CAPPADOCHIA CAESAREA Antoninus Pius 138-161 AD bronze


CAPPADOCHIA, CAESAREA, Antoninus Pius, 138-161 AD, minor, Obverse: laureate head R, AYT K ANTΩNEINOC CEBAC, Reverse: Zeus Nikiphoros seated L, ΚΑΙΣΑΡΕΩΝ, there is probably a date in the exergue, but I can’t read it, bronze, 19mm, 6.39g, unlisted in Sear,, I saw a picture of this type in google, but the link to vcoins gave no page, F

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In Achaemenid times the city was called Mazaca. The satrap (governor) remained in place during the Alexander period, then became kings. The kings became Hellenizers and renamed the city Eusebia. Then the Romans came and called it Caesarea.

Cappadochia (Cappadocia) is a region of central Anatolia. People carved out cave homes in the hills, the original “troglodytes.” The big modern city is Kayseri. It was usually subject to some empire or another. There was a Hellenistic kingdom, then Roman control, then the Arabs, then the Turks.

The Romans, as they were building their empire, preferred to let the local coinage arrangements remain in place. As they developed their political system into the Cult of Personality that was the Empire, they started putting imperial portraits on the local coins. Later, as the Empire began to shrink, they preferred to centralize their coinage operations, eliminating local control. There were also allied and client states, some of which, at times, issued coins celebrating the alliance or subservience. The main catalog reference for these coins on this web site is Greek Imperial Coins and their Values, by David Sear.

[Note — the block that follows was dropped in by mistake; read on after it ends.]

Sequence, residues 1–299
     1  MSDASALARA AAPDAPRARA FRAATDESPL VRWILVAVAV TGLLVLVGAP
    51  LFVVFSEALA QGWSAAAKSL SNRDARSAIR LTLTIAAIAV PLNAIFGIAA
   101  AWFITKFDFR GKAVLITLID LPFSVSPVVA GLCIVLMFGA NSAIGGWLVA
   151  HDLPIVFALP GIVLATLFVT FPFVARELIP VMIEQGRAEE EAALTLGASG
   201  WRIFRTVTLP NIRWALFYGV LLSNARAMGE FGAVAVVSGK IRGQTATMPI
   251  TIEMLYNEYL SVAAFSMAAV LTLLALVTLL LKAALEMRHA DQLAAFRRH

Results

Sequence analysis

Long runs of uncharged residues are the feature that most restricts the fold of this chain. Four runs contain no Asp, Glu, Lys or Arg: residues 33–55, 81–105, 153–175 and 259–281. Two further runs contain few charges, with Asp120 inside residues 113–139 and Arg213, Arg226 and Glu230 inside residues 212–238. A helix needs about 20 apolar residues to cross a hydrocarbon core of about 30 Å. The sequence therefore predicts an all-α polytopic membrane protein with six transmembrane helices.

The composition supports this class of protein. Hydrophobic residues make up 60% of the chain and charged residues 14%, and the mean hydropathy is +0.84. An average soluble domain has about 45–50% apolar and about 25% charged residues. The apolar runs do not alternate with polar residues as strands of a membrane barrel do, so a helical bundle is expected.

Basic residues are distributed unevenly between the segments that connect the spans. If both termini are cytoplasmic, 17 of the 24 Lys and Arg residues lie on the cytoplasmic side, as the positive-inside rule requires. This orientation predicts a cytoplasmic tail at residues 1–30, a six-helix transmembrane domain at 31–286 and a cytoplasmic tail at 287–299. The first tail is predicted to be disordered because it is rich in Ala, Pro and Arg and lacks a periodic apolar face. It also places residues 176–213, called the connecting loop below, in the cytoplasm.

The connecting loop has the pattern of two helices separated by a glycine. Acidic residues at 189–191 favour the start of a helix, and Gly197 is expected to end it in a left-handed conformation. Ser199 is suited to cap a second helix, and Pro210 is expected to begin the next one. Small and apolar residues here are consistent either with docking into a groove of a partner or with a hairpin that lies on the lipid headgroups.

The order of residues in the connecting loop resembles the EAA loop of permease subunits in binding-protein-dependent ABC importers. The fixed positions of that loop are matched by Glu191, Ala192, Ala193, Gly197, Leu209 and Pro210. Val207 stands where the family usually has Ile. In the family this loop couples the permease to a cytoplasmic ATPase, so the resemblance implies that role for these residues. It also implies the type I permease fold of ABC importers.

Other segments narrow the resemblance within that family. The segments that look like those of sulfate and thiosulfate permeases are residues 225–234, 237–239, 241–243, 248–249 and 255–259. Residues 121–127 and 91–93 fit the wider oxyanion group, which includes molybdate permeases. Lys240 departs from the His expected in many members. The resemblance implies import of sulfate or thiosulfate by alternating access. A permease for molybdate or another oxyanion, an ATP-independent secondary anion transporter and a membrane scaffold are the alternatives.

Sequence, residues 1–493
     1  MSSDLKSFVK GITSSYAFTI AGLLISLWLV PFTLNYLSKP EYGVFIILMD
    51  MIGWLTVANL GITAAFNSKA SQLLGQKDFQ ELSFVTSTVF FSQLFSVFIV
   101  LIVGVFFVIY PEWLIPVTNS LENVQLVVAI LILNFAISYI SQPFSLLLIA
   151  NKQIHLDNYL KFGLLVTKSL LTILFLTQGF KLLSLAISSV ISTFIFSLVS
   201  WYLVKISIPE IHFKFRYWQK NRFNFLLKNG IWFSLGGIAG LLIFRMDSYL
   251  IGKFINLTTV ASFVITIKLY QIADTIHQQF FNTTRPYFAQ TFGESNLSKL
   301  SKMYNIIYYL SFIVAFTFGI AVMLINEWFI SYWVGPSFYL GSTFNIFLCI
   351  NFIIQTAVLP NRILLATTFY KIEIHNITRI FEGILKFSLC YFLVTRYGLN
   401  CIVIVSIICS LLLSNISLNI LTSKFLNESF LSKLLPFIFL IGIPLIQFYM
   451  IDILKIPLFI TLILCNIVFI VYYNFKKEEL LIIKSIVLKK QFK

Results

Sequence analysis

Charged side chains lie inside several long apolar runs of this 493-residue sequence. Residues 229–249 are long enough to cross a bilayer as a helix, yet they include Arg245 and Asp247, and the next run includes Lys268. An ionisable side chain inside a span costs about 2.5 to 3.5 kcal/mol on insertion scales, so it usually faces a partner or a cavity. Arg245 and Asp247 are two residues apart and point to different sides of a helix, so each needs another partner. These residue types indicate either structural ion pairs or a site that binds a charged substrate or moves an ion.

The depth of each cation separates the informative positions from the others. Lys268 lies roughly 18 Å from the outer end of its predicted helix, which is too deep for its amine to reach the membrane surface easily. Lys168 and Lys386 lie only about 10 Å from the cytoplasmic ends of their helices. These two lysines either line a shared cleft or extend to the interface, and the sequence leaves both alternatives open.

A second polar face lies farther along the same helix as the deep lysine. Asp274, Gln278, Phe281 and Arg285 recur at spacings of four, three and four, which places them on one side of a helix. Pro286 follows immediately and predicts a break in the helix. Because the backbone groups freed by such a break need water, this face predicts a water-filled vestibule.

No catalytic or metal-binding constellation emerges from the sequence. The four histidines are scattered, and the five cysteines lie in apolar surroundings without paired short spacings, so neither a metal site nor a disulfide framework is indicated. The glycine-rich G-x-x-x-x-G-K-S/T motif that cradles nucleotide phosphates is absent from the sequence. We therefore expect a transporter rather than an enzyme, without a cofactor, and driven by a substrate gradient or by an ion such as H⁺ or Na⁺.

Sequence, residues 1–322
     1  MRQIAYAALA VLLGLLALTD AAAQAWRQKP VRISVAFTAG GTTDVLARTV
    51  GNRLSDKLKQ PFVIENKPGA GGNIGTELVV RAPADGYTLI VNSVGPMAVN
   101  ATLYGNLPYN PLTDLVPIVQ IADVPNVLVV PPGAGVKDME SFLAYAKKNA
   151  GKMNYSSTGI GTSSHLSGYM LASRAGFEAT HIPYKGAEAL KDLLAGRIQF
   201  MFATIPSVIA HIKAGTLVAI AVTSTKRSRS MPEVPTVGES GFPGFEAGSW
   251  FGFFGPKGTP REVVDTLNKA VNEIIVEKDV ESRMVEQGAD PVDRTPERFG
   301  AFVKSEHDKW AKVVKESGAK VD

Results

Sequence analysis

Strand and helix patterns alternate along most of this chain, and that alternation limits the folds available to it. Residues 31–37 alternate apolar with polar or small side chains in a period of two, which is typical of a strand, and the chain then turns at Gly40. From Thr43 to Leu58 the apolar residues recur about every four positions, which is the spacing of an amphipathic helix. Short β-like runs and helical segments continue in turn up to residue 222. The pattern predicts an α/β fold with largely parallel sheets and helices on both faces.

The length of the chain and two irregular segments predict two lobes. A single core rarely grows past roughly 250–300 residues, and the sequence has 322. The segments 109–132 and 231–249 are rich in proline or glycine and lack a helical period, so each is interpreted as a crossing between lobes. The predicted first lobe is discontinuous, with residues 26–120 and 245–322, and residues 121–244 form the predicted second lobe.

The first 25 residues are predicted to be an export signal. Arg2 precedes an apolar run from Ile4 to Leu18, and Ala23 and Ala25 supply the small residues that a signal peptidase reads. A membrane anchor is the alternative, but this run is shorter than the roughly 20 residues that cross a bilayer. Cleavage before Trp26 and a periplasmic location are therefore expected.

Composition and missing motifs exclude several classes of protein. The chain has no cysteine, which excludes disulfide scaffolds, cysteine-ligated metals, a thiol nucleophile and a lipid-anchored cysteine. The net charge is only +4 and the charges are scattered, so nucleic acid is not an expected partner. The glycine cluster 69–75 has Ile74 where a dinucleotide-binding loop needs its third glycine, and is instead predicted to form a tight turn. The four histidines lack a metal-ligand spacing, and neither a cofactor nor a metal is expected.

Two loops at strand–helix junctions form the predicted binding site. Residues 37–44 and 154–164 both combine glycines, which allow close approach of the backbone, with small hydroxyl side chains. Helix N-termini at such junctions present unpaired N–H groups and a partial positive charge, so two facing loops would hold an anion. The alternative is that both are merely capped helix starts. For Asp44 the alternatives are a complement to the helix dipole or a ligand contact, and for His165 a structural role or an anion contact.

Ancient Coins includes Greek and Roman coins and those of neighbors and successors, geographically from Morocco and Spain all the way to Afghanistan. Date ranges for these begin with the world’s earliest coins of the 8th century BC to, in an extreme case, the end of Byzantine Empire, 1453 AD.